Executions Iranian StyleJuly 3, 2014
Which of the following is true about executions in Iran?:
- You can be executed if the main or only “evidence” against you is a confession extracted under torture;
- You can be executed if the crime you are accused of occurred when you were a juvenile;
- You can be executed if the alleged crime occurred while you were already sitting in prison;
- Your family may not be informed of your execution beforehand, and may not be able to bury and mourn you.
The answer is all of the above.
Iran continues to be the number two executioner in the world after China, a distinction it has held now for many years running. Last year was a very bad year. Amnesty International believes that at least 704 people were executed in 2013. But as of the middle of June of this year, at least 354 people have been executed in Iran. At this rate, 2014 will exceed 2013 in numbers of people executed.
Most people executed in Iran have been accused of drug-related offenses. A couple of current cases in particular illustrate the horrible cruelty and unfairness of Iran’s execution system involving two classes of individuals: juvenile offenders and those accused of politically-motivated offenses.
Razieh Ebrahimi has been sentenced to death for murdering her husband when she was just seventeen years old. She had endured three years of his physical and psychological abuse after being married off at the age of only fourteen.
Iran is one of the tiny handful of countries that still execute juvenile offenders. Amnesty International believes at least eleven of those executed in 2013 could have been juveniles at the time of their alleged crimes. Even though changes under a new penal code would mean that juveniles can no longer be executed for crimes such as involvement in drugs, they can still be executed for murder.
According to Iranian law, Razieh Ebrahimi was sentenced to Qesas or “retribution.” Iranian authorities claim that the sentence is mandated by Islam and that only the family of the person who was murdered can prevent the execution by accepting a Diyeh (payment of financial compensation). In fact, Iranian authorities are fully responsible for executions carried out under Qesas. They carry out the arrest, detention, interrogation, and trial of the defendants and also carry out the subsequent executions.
In another case, four Iranian Kurdish men – Hamed Ahmadi, Jahangir Dehghani, Jamshid Dehghani and Kamal Molaee – are at great risk of being executed at any time. They were sentenced to death after grossly unfair judicial proceedings for killing a Sunni cleric who had ties to the Iranian government.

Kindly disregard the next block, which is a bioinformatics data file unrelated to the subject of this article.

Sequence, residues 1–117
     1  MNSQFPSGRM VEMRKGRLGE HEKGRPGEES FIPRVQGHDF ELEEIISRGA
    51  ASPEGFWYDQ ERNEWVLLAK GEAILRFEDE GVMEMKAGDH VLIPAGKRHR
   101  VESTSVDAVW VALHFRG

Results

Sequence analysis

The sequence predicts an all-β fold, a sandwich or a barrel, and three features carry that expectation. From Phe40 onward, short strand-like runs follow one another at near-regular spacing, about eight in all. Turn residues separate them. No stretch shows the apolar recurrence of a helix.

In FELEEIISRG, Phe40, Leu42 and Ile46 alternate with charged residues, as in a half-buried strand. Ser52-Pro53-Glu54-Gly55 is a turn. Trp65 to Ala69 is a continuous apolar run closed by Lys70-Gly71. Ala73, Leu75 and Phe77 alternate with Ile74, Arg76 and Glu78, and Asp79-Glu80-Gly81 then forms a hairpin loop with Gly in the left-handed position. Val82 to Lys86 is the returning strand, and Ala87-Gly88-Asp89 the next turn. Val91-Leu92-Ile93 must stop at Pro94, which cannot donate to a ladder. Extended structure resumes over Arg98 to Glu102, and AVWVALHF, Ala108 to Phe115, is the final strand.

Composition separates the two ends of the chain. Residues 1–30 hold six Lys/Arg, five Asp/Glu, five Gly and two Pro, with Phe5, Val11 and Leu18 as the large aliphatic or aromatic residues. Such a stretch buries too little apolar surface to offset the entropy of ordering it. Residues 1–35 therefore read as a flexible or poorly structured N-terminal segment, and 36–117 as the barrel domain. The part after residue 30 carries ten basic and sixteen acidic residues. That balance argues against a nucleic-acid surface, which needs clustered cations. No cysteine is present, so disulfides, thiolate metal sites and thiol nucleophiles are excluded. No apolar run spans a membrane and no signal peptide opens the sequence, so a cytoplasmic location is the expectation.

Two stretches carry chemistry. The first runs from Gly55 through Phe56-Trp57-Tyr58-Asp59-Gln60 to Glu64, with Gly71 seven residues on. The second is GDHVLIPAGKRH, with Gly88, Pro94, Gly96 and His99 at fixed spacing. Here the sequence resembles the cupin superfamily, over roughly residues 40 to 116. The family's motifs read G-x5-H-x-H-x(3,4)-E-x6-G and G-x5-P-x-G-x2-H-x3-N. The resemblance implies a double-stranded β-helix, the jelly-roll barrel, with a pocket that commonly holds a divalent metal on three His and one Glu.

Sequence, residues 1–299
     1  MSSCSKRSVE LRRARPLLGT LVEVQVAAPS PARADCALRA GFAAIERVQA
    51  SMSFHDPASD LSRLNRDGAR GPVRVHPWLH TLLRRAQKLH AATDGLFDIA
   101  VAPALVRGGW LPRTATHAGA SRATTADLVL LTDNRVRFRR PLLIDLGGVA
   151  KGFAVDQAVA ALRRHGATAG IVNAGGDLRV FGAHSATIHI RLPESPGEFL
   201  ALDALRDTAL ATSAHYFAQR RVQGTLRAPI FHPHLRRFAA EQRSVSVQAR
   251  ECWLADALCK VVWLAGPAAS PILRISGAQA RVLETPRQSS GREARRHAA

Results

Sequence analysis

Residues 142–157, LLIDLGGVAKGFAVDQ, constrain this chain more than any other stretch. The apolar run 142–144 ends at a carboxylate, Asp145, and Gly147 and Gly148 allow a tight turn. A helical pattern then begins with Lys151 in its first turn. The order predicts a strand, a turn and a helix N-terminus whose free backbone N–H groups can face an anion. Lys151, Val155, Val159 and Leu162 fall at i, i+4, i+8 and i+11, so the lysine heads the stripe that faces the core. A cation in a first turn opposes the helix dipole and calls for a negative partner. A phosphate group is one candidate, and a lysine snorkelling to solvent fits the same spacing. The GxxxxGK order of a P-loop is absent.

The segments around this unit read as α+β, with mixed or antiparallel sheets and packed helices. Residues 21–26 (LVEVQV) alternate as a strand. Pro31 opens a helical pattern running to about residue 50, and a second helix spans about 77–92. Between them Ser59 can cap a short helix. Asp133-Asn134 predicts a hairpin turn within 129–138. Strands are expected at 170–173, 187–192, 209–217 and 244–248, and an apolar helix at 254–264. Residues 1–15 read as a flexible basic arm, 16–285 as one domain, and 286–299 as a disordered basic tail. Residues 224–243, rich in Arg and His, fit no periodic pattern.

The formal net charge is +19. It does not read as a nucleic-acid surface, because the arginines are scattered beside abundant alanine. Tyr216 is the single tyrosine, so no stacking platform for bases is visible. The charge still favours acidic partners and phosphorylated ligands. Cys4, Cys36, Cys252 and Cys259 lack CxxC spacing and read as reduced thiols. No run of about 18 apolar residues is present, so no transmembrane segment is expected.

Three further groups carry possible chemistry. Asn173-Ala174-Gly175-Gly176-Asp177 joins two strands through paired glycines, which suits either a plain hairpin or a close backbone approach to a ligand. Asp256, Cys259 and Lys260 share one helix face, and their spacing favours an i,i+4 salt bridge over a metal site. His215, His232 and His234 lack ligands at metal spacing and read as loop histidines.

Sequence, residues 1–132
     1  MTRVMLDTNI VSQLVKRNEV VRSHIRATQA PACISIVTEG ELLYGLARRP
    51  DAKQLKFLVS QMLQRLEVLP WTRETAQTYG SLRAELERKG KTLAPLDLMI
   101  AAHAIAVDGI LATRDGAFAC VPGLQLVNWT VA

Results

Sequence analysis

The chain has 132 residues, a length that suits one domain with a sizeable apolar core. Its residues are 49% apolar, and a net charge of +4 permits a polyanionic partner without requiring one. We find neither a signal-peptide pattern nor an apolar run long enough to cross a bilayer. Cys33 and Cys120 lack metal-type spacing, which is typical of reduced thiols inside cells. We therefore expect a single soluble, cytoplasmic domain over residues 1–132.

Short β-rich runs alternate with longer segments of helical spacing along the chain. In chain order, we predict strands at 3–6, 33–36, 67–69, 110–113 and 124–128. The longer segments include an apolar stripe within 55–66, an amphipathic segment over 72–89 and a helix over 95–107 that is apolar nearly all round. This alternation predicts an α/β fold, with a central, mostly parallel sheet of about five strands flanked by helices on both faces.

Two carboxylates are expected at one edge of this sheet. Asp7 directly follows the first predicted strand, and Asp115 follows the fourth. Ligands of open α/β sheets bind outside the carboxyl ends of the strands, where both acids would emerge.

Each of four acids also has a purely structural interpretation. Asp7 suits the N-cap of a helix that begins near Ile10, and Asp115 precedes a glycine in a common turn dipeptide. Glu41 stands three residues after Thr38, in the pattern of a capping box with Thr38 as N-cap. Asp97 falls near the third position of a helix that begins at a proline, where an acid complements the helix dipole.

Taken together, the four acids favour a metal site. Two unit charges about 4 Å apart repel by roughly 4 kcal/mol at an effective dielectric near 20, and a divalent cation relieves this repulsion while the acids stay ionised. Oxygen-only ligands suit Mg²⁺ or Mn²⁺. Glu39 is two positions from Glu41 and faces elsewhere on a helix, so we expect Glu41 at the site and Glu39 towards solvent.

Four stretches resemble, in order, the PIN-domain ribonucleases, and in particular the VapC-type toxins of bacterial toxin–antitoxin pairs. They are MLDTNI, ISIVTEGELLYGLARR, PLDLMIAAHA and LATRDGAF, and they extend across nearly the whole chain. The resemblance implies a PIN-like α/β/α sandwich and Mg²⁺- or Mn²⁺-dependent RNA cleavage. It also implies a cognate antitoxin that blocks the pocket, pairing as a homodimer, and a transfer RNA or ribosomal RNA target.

This despite the fact that the four had been arrested in early summer 2009 and were detained in prison at the time the killing occurred in September 2009. Although they were later acquitted of that charge, they were still sentenced to death for “moharebeh“ (enmity against God) for acting against national security by supporting illegal Kurdish political parties.
The four men, as well as 29 other Sunnis sentenced to death for politically motivated offenses, claim they were not involved in violence at all, and were targeted because of their participation in peaceful religious activities, such as taking part in religious seminars and distributing religious materials. They have reportedly been subjected to mock executions.
Ethnic and religious minorities in Iran are particularly liable to be sentenced to death for politically motivated offenses after manifestly unfair trials in Revolutionary Courts, in the absence of evidence proving their involvement in any crimes, and where confessions extracted under duress are routinely accepted.
Just recently two ethnic Arab men, Ali Chabishat and Khaled Mousavi, were executed in secret for supposedly blowing up an oil pipeline, even though the explosion had been declared an accident. They had been tortured in detention and forced to make confessions which were broadcast on Iranian television. Their families were informed of the executions after the fact on June 12, 2014. They were not told when the executions had taken place and were forbidden to carry out the usual mourning ceremonies.
The Iranian authorities are racing ahead against the global trend that has seen an overall decrease of countries that carry out executions. The U.N. Special Rapporteur on the Situation of Human Rights in the Islamic Republic of Iran has criticized the use of the death penalty in Iran and specifically urged the Iranian government to end the practice of juvenile executions.
Activists can add their voices by taking action here and also here. Instead of trying to top last year’s alarmingly high number of executions, the Iranian government should heed the calls by the international community to stop the carnage.